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VW Polo Bluemotion

Styling and engine tweaks help Polo clean up act

It seems crazy now, but when Volkswagen took the wraps off the Polo Bluemotion in 2006, company bosses weren’t sure whether to bring it to the UK. Two years on, and there’s a waiting list for the green baby – one of only two mainstream models to undercut the magic 100g/km CO2 output. With a Bluemotion Golf and Passat already launched, VW’s eco brand looks set to be a household name.

So how is the Polo so clean? In addition to its fuel-sipping three-cylinder diesel, the Bluemotion gets aerodynamic bodywork, low-resistance tyres and lightweight wheels, plus a revised five-speed box. Stop-start technology is set to follow soon.

The solid grille and unique bumpers make a statement without spoiling the car’s proportions. Just don’t expect Prius-style economy read-outs inside. The cabin is still well built, but the design looks dated next to the latest superminis.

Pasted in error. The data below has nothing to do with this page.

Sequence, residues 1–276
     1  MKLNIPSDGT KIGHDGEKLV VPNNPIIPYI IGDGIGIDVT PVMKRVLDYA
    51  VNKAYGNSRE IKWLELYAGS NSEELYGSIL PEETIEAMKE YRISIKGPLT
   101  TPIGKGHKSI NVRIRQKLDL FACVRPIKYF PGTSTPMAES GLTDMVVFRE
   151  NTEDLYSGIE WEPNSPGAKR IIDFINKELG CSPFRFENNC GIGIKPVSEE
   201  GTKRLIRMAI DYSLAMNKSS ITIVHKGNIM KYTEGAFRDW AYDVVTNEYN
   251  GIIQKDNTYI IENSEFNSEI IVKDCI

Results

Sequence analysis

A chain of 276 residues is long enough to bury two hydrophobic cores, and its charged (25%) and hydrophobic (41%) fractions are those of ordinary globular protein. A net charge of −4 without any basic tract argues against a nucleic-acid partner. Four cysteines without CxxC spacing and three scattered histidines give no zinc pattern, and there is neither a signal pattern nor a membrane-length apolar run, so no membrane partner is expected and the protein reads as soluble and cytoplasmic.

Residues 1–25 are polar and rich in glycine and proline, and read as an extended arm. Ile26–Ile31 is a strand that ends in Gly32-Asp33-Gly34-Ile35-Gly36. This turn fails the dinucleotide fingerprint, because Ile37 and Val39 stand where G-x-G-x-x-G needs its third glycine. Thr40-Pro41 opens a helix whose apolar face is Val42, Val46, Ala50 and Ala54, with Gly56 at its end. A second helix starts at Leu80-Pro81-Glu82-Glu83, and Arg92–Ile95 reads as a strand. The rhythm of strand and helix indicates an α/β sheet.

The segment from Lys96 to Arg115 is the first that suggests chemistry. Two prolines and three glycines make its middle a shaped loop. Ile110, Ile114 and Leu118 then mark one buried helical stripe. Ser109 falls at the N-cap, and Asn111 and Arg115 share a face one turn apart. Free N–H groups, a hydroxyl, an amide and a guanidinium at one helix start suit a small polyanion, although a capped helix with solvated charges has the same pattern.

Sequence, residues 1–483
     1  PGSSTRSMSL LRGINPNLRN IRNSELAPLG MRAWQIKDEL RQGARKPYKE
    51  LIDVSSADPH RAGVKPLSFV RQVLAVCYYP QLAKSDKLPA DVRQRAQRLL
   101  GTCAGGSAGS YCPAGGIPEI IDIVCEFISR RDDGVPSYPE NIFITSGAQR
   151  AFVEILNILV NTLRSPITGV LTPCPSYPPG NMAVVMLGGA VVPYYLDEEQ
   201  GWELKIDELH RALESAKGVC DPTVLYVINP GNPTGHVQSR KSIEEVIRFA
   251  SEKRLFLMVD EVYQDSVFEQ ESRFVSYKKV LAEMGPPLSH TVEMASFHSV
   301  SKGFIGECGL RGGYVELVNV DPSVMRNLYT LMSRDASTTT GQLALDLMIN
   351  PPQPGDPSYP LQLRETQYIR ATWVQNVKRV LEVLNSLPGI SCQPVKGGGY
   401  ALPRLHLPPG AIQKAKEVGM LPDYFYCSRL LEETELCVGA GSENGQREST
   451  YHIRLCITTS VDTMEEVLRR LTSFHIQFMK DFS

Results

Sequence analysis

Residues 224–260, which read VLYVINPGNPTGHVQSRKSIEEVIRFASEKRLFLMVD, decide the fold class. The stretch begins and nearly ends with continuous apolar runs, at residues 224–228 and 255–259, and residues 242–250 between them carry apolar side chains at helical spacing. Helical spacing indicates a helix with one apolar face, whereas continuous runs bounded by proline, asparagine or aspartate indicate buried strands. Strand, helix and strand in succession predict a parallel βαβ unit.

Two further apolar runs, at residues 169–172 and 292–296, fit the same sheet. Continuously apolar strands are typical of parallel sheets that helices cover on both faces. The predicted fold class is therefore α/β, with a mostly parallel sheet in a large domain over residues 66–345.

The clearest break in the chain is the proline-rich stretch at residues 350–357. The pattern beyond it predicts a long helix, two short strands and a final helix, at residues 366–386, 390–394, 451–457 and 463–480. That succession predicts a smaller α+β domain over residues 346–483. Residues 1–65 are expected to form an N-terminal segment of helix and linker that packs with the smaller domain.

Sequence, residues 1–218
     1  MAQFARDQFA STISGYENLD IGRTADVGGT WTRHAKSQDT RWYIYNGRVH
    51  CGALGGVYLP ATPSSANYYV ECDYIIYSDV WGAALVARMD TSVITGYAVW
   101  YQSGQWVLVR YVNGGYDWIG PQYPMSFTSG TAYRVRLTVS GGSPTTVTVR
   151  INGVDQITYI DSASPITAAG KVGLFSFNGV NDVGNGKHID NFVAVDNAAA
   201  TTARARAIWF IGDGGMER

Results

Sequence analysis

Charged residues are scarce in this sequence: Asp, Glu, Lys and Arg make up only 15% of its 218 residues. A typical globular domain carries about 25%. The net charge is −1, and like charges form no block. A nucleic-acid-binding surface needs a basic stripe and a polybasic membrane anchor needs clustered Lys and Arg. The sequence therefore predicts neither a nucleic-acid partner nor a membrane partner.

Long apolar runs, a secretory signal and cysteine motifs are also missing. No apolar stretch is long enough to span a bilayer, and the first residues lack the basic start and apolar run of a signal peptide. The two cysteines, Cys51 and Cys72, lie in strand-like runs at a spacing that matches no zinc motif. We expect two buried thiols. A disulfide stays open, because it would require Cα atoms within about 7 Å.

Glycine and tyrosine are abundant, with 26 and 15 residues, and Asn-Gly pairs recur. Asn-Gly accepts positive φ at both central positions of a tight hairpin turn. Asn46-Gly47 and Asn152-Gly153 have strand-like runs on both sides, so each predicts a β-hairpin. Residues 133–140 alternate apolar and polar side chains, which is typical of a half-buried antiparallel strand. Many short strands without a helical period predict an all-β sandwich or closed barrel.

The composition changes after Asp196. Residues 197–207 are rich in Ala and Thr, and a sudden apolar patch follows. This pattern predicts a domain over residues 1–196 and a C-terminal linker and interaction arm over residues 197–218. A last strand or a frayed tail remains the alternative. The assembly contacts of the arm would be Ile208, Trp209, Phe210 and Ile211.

On a test drive, you will soon notice that the VW’s rumbling three-cylinder engine note gets raucous at high revs. Otherwise, there’s little to separate the frugal oil-burner from other TDIs.

Only at higher speeds does the Polo behave differently. While a tall top gear makes it relaxed on motorways, on more challenging roads it’s less convincing. It wears identical green tyres to the Ibiza ECOmotive, and so grip suffers in the wet.

Our test car had covered 7,700 miles, and so it performed better than the Fabia, which had done less than 1,000 miles. But the VW can’t match the Skoda on price. The base Bluemotion is £12,125; add air-con, and it costs £12,940. Owners don’t have to pay any road tax, but the Polo’s flawed handling, ageing design and high prices mean your money is better spent elsewhere.

Details

Price: £12,125
Model tested: Polo Bluemotion

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